Paul Kasmin Gallery, New York
16 February-25 March 2006
Although generally known today merely as the father of the modern British painter Ben Nicholson (and Mr Kasmin’s great-grandfather), the elder Nicholson came to prominence during the Yellow Nineties as one half of the celebrated Beggarstaff Brothers, a pair of young English artists who redefined the poster. (His brother-in-law, James Pryde, was the other half.) On his own, Nicholson became one of England’s most influential illustrators, famous for 'An Alphabet' (1898) and similar oversized albums of coloured woodcuts and lithographs. He also had the honour of designing all the costumes (except that of Peter) for the original London production of JM Barrie’s classic tale Peter Pan. He is perhaps best remembered in the USA as the illustrator of Margery Williams’s The Velveteen Rabbit (1922). Eventually, Nicholson abandoned commercial art to devote the latter part of his life to painting only what amused him.
Although Nicholson was a brilliant caricaturist and portraitist, as exemplified by his series of coloured woodcuts of Queen Victoria, Mark Twain, Sarah Bernhardt, James McNeill Whistler and other celebrities, created in 1897, the portraits displayed at the Kasmin Gallery are less compelling. Like most painters, Nicholson was at the mercy of the vicissitudes of his sitters. His still-lifes have been compared to Chardin’s, but Nicholson was, perhaps, more in tune with his fellow Englishman, William Hogarth. Nicholson's brushstroke was more aggressive, more vigorous than that of the cool, calculated Frenchman. His pictures are not so much painted as frosted. He borrowed much from Whistler and Manet for his subdued colour and composition, and painterly effects, with a good dose of Sickert tossed in. His early 'Lady in Yellow' (1893) might have been called 'Whistler’s Daughter', being a sweetly tasteful arrangement in tart lemon rather than one in grey and black.
Like Rembrandt and the other Dutch masters, William Nicholson breathed life into his studies of the everyday world around him. He dignified even the most banal subjects with his adroit handling of the brush. As had both Whistler and Sickert, Nicholson captured the interminable dark, dank greyness of London by gaslight in his cityscapes and interiors. His silvery still-life works, 'Stocks and Silver' (1918) and 'Tall Pewter Jug' (1933-39) are stunning monochromatic arrangements that look like vintage photographs. 'The Silver Casket' (1919) would be merely another study in creamy greys, if not for the pair of pale blue gloves and coral necklace reflected in the silver jar. The blood-red blossoms jolt the otherwise subdued blue and still more black and grey in 'Fuchsias in Wedgwood Jug' (1909). Those ruggedly rendered scarlet boots, along with the delicate silk ribbon of a pocket watch make all the difference in 'Miss Simpson's Boots', also of 1919. Nicholson learned from Whistler how a well-placed touch of pink can entirely transform a composition. Perhaps the closest to an abstract painting in the show was the minimalist 'Seascape' of 1909. Its supernal interplay of earth, sea and sky with just a blush of pink on the right shore and a sail in the distance is a small masterpiece of economy. It is time that this exceptional artist was the subject of a proper retrospective in the USA; one that embraces the full range of his achievements.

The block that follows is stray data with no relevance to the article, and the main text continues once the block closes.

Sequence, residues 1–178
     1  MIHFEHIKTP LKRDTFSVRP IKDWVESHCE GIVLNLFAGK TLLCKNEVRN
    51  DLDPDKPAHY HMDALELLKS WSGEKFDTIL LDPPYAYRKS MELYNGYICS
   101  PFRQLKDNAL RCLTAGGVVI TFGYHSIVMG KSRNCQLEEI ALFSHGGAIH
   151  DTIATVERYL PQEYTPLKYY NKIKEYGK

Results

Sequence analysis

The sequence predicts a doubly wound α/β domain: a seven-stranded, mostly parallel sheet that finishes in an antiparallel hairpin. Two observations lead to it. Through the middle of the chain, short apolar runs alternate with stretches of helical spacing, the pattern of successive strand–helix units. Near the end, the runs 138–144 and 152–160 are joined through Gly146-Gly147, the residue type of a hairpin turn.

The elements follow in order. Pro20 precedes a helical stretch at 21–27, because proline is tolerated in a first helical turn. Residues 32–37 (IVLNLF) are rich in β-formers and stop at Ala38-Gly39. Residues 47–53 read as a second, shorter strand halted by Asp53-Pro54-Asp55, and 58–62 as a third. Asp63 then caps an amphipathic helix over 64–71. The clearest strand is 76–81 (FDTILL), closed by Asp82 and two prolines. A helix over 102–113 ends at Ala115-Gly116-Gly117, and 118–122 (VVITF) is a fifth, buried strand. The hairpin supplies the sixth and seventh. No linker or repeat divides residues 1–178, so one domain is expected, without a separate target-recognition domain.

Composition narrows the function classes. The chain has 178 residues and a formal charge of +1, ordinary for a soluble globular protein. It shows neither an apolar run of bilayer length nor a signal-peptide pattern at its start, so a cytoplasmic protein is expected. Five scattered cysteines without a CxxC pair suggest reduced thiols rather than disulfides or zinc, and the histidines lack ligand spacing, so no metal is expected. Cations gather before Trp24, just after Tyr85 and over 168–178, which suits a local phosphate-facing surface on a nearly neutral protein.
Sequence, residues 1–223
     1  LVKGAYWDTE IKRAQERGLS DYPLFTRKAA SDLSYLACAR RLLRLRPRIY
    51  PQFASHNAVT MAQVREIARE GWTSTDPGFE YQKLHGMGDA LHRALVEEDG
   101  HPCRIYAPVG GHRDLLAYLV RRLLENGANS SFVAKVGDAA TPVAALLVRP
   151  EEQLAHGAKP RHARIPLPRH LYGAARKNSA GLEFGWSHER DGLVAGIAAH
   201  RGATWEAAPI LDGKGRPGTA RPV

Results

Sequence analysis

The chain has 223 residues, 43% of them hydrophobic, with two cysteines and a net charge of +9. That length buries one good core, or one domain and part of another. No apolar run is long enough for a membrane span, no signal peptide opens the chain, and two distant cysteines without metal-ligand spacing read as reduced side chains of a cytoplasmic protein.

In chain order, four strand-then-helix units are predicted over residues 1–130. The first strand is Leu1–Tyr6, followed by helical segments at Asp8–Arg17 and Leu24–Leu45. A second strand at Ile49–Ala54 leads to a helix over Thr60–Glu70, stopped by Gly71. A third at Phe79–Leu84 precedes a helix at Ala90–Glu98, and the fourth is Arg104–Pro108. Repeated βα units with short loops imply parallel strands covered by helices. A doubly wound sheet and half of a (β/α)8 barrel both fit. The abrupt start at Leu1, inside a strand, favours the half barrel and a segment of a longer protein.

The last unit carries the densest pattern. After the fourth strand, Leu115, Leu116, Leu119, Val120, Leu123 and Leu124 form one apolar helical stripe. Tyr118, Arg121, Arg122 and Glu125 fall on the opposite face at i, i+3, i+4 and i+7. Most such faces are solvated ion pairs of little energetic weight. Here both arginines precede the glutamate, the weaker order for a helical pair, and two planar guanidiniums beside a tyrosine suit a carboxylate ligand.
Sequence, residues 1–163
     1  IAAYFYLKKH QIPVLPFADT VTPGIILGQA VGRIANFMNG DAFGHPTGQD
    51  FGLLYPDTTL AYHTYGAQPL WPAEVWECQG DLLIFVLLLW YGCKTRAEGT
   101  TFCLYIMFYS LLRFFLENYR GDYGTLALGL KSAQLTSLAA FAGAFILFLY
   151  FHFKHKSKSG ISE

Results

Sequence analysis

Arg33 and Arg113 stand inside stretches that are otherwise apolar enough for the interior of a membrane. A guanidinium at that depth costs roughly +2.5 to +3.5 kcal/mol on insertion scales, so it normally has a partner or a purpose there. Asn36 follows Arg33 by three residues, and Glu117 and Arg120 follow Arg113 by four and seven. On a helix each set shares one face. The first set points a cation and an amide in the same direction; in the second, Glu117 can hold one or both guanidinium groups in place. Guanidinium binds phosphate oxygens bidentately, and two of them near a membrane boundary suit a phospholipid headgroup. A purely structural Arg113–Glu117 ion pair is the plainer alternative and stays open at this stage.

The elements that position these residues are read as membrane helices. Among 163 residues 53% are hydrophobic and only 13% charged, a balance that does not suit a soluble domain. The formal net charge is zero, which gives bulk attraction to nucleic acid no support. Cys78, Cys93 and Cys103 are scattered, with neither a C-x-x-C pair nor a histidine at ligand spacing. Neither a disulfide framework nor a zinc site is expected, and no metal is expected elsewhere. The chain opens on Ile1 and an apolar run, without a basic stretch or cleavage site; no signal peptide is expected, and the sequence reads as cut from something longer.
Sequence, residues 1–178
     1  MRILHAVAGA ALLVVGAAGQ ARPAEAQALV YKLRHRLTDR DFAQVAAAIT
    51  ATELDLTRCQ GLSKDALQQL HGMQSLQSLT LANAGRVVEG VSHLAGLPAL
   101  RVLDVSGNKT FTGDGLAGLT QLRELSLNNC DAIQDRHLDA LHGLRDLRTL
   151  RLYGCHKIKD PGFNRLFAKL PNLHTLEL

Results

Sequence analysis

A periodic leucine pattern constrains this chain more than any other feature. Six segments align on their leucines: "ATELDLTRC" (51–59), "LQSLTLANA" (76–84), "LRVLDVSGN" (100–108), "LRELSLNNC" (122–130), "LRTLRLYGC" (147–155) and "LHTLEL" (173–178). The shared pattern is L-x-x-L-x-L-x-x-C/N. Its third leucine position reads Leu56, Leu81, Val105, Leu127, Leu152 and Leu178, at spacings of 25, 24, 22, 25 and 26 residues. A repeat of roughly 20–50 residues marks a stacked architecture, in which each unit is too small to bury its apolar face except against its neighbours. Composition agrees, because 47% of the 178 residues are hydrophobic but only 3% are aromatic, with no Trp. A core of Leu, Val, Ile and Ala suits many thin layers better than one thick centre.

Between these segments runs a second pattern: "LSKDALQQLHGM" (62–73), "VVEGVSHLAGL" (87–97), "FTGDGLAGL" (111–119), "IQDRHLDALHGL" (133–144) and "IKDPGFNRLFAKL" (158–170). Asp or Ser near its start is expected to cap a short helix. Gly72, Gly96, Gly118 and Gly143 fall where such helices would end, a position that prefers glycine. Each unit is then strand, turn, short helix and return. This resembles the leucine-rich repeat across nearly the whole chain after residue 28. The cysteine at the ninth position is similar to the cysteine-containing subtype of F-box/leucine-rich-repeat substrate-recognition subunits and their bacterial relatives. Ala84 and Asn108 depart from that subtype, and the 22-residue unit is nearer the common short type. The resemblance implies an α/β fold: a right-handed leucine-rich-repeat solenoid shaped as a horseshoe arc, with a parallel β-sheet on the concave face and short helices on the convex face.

Michael Patrick Hearn
Douglas Gordon: Superhumanatural
The film and video artist Douglas Gordon had his first one-man exhibition in Britain at the Lisson Gallery in 1994, sponsored by its perceptive director Nicholas Logsdail, to which he returned again in 2001. The following year, he was to exhibit 'Entre'Act 3' at the Stedelijk Van Abbe Museum in Eindhoven. 'Fuzzy Logic' followed at the Pompidou Centre in Paris, and from about this time his work really took off internationally.
The National Museum of the American Indian
Almost 500 years after the "discovery" of America, at last the original inhabitants are being recognized with a new edifice on the Mall of the United States capital. On September 21, 2004 the National Museum of the American Indian opened to the public, the building designed by Douglas Cardinal, a Canadian Native American architect, and its contents reviewed by natives from all the Americas.
Ettore Sottsass: Architect & Designer – book review
Perhaps the most surprising statement in this book (at least for a European) is that Ettore Sottsass is still virtually unknown in the USA. This despite the shock and horror of 'Memphis' (and the film parodying its style, 'Ruthless People', starring Danny De Vito and Bette Midler), the work of ex-Memphis designer Peter Shire in California, and the fact that Sottsass himself designed the GE115 computer, which was made jointly by Olivetti, Bull in France and General Electric in America in 1967.
Book review: Archaeology of an Urban Desert
Jon Naar is a British photographer who has been based in New York. In 1974 he joined up with the late Norman Mailer to produce The Faith of Graffiti (1974), which contained around forty of his photographs. This combined survey was immediately successful, and is now a rare collectors' item. At that time, Naar's pictures captured brilliantly the spirit of the times, from inside the closely woven infrastructure of New York City, opening the very arteries and veins of the urban complex.
Towers: from Manhattan to Moscow
Renzo Piano's New York Times Building, situated on 8th Avenue, Manhattan, was opened this month to considerable approval from New Yorkers, architects, critics and particularly the press, who will work within Piano's superb spaces. The tower is 52 storeys high. Being in the centre of Manhattan, the architect and clients have wisely sought to create, in this context, a classic variant of the traditional skyscraper format for which the city is so famous.